Monday, June 6, 2011

"Somewhere That's Green" (from Little Shop of Horrors)

To keep myself entertained while working, I've been listening to the Showtunes station on Pandora a lot. While some of the songs that come up are puzzling (there has been LOTS of Moulin Rouge! and Mulan, with some Taylor Swift thrown in for good measure), I've been enjoying listening to the occasional song from Little Shop of Horrors. Based on the cult film, Little Shop features music by Alan Menken and lyrics by Howard Ashman (who, in my mind, was Mr. Menken's best collaborator).

While many of the songs are amazing (my favorite is "Skid Row," which manages to be catchy and incredibly depressing at the same time), one that's been on my mind a lot (due to Pandora) is "Somewhere That's Green." Performed by Audrey, the sweet but insecure girl who works in the titular shop, the song is just one of Menken's many "I want" songs. However, it is an "I want" song with a twist.

Wait - What's an "I Want" Song? An "I want" song is a song in a musical that expresses a character's innermost desires, which will serve as the main imputes for the show's events. For examples of an "I want" song, you only need to look at any Disney musical. Prime examples of this include "Reflections" from Mulan (stupid Pandora), "Belle" from Beauty and the Beast, and "Go the Distance" from Hercules (yes, guys have "I want" songs too). These songs are also a staple of non-Disney musicals. "If I Were a Rich Man" from Fiddler on the Roof, "Wouldn't It Be Loverly" from My Fair Lady, and "I Want to Be a Producer" from The Producers all fit the bill.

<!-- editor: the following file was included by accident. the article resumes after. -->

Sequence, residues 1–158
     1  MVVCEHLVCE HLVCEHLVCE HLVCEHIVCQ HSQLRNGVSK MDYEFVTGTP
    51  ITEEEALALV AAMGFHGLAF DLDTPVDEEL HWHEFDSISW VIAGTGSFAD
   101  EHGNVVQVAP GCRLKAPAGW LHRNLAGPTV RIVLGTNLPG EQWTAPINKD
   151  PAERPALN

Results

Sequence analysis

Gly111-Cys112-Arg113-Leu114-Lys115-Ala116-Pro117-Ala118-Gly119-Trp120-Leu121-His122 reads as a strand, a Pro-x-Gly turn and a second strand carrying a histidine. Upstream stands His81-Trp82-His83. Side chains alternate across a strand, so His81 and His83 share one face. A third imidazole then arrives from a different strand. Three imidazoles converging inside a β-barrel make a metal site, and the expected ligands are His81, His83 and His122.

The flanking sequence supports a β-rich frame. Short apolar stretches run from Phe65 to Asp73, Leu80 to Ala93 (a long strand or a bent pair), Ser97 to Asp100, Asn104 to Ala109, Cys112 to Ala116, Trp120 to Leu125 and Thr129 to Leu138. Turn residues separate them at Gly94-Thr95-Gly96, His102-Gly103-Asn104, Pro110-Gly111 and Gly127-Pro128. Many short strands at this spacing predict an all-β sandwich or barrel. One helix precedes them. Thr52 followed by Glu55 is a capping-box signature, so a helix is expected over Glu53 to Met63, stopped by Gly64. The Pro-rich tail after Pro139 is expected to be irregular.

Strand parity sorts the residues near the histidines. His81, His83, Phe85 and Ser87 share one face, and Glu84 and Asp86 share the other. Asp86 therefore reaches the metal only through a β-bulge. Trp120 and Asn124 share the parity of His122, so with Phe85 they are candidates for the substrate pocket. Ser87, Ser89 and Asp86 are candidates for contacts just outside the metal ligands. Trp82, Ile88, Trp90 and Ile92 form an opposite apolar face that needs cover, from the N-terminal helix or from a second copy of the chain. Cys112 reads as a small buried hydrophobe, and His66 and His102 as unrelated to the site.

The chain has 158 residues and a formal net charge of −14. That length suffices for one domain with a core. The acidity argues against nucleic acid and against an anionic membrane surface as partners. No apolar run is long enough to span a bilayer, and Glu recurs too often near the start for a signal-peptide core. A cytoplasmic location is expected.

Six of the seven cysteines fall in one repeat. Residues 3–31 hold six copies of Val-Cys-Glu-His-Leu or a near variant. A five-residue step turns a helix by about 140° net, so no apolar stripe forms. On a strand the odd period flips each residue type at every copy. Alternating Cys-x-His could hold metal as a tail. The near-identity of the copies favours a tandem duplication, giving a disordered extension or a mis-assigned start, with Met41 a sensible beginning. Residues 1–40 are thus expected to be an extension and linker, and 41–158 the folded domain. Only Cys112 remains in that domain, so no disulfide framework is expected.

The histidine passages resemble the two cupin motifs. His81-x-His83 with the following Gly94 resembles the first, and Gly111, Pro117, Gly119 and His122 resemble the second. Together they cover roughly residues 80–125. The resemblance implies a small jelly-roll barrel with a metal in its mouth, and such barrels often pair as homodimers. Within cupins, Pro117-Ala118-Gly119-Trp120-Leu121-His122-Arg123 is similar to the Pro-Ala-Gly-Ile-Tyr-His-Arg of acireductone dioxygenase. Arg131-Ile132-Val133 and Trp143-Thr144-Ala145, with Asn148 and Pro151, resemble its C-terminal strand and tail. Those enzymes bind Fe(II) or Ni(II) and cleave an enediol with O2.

What sets "Somewhere That's Green" apart from most other "I want" songs is the lyrics, which make the song simultaneously funny and heartbreaking. Unlike Belle, who longs for adventure and to get out of the little town where she lives, or Tevye, who longs for riches, Audrey's desires are much more pedestrian. Her "I want" centers around the 1950s ideal, with "a fence of real chain link/ a grill out on the patio/ disposal in the sink" featuring prominently in her dream.

The first time or two you hear the song, the mention of things like "Pine-Sol scented air" and the "big, enormous 12-inch screen" is funny, since these things are more than a little dated and are probably far from our ideal. However, upon closer inspection, this song really captures the bleakness of Audrey's life. She doesn't want adventure, she doesn't want to be rich, and she doesn't want to "go the distance." All she wants is security and a seemingly average life (I'd bet she'd be perfectly happy in Belle's provincial town). While most "I want" songs deal with wanting something much bigger, this song fits the character perfectly, because her life is so bleak that a toaster and and frozen dinners are as much as she can hope for (and are perhaps as great and as unobtainable to her as riches are to Tevye).


Anonymous said...

It's a beautiful song. It's on my playlist as I walk my cockers through my subdivision, or I mow and weed our backyard. There's nothing wrong with Audrey's dream. It's idyllic and beautiful - the american dream - once you know that you'll never be rich or famous or beautiful or as special as they promised you when you were young. Audrey and Seymour are as american as George and Martha, Ozzie and Harriet, and Homer and Marge.